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July 11, 2018 / bracketmedia

Over my twelve years in the insurance industry, one of the coverages that is often overlooked and misunderstood, is ordinance or law coverage. It is a coverage form commonly found in first-party coverage policies and in particular, commercial property insurance policies. There are a number of parts to this coverage and each policy needs to be reviewed independently as there is no uniform manner in which this coverage is provided and applied.

Ordinance or law coverage is not uncommon and in matter of fact, every insured that is insuring buildings on their property policy should include ordinance or law coverage on their policy. An insured who has a building that incurred a partial loss, usually more than 50%, may encounter a hurdle when local governmental authorities require it to be completely demolished and rebuilt new rather than repaired. Since part of the building was undamaged, the standard property coverage will not cover the cost to demolish and replace the undamaged portion of a building. This can create a nightmare situation for an insured and this is where ordinance or law coverage can be triggered. In such situations, ordinance or law coverage provides the insurance coverage needed to cover the undamaged portion of the building as well as the costs to demolish and rebuild the building.

Ordinance or law is typically broken down into three elements on a standard property policy form: Coverages A, B and C. Coverage A refers to coverage for the undamaged portion of the building, Coverage B refers to the cost to demolish the undamaged portion of the building and Coverage C refers to the increased cost of construction to meet current building codes. Policies vary on what limits are provided for each coverage and at times, may combine two, or all three of the coverages, under a single limit of insurance. Ideally, as an insured, you would want each coverage to have its own dedicated limit and in particular, Coverage A should be “included in the building limit.” In other words, the limit of insurance on the policy for that particular building should apply as the limit under Coverage A of ordinance or law. This is often included as part of the standard policy form, but not always. Thus, an informed consumer and/or his broker, should ensure that the limit for Coverage A is “included in the building limit.” With respects to Coverages B & C, there is no definitive formula to determine the proper limits to utilize and although I have seen people postulate some formulas, I recommend to my clients to use a limit for each of the two coverages that reflects 25% – 33% percent of the value of the building in question. When a policy is insuring multiple buildings of various values, the highest valued building should be utilized to determine the limits, according to this formula. This is not a surefire formula, but one that I learned as a consultant and has generally worked well when applied. Thus, for example, an insured that has a building with a replacement cost value of $1m, should, at a minimum, have a $250k limit for Coverages B and C, respectively.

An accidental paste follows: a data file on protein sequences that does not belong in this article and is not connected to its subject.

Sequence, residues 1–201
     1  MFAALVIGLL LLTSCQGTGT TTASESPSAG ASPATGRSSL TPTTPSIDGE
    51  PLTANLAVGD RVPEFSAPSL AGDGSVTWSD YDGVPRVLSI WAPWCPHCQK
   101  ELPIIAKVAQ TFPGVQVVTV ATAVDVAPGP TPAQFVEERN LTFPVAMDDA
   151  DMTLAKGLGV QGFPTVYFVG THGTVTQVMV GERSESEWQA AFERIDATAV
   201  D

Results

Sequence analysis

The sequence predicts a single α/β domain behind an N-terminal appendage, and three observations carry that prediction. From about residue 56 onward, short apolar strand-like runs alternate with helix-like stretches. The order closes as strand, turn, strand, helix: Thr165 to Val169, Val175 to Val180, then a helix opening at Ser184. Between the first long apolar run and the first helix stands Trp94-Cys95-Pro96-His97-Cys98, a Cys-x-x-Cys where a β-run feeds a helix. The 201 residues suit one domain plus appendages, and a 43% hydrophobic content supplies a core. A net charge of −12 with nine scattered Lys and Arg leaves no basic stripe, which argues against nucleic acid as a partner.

There are two additional elements of coverage afforded under ordinance or law coverage that are not typical and more often than not, are not included in coverage. Nevertheless, it is worthy to be aware of them as they can be important elements of coverage depending on the exposure you are insuring. There are no universal terms for these two elements as there are for Coverages A, B & C, but I am going to use the terms I learned as a consultant for ease of understanding. “Coverage D” refers to business interruption coverage as a result of an ordinance or law claim. Thus, an insured that incurs loss of income due to a delay in rebuilding the damaged property as a result of an ordinance or loss claim, that loss of income can be covered under “Coverage D.” “Coverage E” refers to the loss of value to a damaged building that cannot be rebuilt to the same size and value it was prior to the loss. For example, a seven-story building that new code only permits a five-story building to be built in its stead, “Coverage E” will provide the loss of value for that building and is usually conditioned on the recovered money being reinvested into the operations of the named insured. Some refer to “Coverage E” as “governmental limitations coverage.” Note these are not dispositive terms and carriers may differ, sometimes dramatically, in how they refer to each of these two coverage elements. The important thing is to be aware of them and request them if it is a coverage important to you to have. In the insurance industry, as is generally the case, it is best to be an informed consumer.

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